Larry Elmen (6/23/2020)
Federal Criminal Sentencing: Consecutive versus Concurrent Time?
How does a Federal criminal sentence of incarceration run when there is a separate State Court criminal sentence? The answer may take years off your prison time.
Consecutive Time & Concurrent Time
The terms “consecutive time” and “concurrent time” have straightforward meanings:
- Consecutive Time means that periods of time or events happen one after the other. When one event ends, the next event begins. For a criminal sentence, consecutive time means that separate sentences of incarceration run one after the other. When one sentence of incarceration ends, then the next sentence of incarceration begins.
- Concurrent Time means that periods of time or events happen at the same time. Both events are occurring at the same time. For a criminal sentence, concurrent time means that both sentences of incarceration will run at the same time. This does not mean both sentences started on the same day or will end on the same day. Rather, it means that each day of incarceration will be applied as a credit against more than one sentence of incarceration.
As a criminal defendant facing multiple sentences of incarceration, you always seek to receive concurrent time.
Here are two examples to highlight two common situations:
Example One: Single Criminal Case with Multiple Crimes of Conviction:
A defendant is found guilty after a jury trial of multiple criminal charges related to the same criminal offense. At the time of sentencing, the judge must impose a sentence for every crime of conviction. The period of incarceration may be longer for the more serious offenses and shorter for the less serious offenses. Many judges will run those separate sentences concurrently (together) so that the defendant gets a day of credit toward each sentence for every day the defendant is in custody. If the judge were to run those separate sentences consecutively (one after the other), then the defendant only gets a single day of credit toward one sentence of incarceration for every day the defendant is in custody. Consecutive sentences result in a substantially longer period of incarceration.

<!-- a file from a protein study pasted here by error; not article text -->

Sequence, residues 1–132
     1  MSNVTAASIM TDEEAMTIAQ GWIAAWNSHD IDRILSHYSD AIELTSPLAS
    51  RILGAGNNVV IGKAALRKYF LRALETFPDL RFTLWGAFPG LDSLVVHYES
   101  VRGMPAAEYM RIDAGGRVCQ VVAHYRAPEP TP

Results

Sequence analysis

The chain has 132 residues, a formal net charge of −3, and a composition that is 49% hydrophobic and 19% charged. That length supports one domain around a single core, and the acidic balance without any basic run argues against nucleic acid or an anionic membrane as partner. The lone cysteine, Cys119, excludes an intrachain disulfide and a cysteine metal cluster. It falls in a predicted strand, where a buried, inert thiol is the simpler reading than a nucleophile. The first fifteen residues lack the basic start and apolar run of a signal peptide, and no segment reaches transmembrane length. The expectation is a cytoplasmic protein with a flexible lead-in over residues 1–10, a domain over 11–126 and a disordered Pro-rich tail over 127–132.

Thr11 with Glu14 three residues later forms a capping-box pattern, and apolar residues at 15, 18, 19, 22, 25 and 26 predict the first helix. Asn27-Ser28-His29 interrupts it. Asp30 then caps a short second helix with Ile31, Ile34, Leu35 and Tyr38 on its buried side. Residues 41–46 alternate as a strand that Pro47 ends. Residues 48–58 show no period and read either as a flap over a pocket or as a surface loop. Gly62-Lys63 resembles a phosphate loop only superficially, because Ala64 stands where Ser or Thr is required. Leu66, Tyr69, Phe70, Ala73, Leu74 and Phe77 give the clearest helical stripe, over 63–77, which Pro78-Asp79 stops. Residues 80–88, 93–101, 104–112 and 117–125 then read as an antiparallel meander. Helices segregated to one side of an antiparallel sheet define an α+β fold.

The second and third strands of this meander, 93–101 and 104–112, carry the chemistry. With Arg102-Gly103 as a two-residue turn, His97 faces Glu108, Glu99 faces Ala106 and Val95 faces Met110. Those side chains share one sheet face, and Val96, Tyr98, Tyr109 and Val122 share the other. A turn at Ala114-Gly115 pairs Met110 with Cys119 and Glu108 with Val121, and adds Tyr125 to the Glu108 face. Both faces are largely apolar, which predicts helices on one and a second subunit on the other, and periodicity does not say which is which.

Example Two: Two Separate Criminal Cases, Two Separate Sentences:
A defendant is found guilty after two separate jury trials relating two separate criminal offenses stemming from two separate arrests. At the time of sentencing for criminal case #1, Judge #1 imposes a sentence of incarceration. Judge #1 does not state whether the sentence of incarceration runs concurrent or consecutive because the sentence from criminal case #1 is the only sentence. At the time of sentencing for criminal case #2, Judge #2 must decide whether sentence #2 will run concurrently (together) or consecutively (one after the other) with sentence #1. If Judge #2 imposes a concurrent sentence of incarceration, then the defendant will receive a day of credit for each day of incarceration towards both sentence #1 and sentence #2. If Judge #2 imposes a consecutive sentence of incarceration, then the defendant gets no credit toward sentence #2 until the defendant serves the entire sentence imposed under sentence #1.
Federal criminal law presumes consecutive sentences for separate sentences of incarceration from separate criminal acts. Sentences of imprisonment imposed at different times (for different offenses) shall run consecutively unless the sentencing judge orders the last sentence imposed to run concurrently with the earlier sentence. See, 18 United States Code sec. 3584(a).
If you or a loved one are facing Federal or State criminal charges and need to know how to avoid consecutive time, contact Larry Elmen, Esq. at Elmen Law Firm P.C. to schedule an initial consultation. We will work with you to ensure you understand the full impact of Federal and State criminal sentencing laws before it is too late.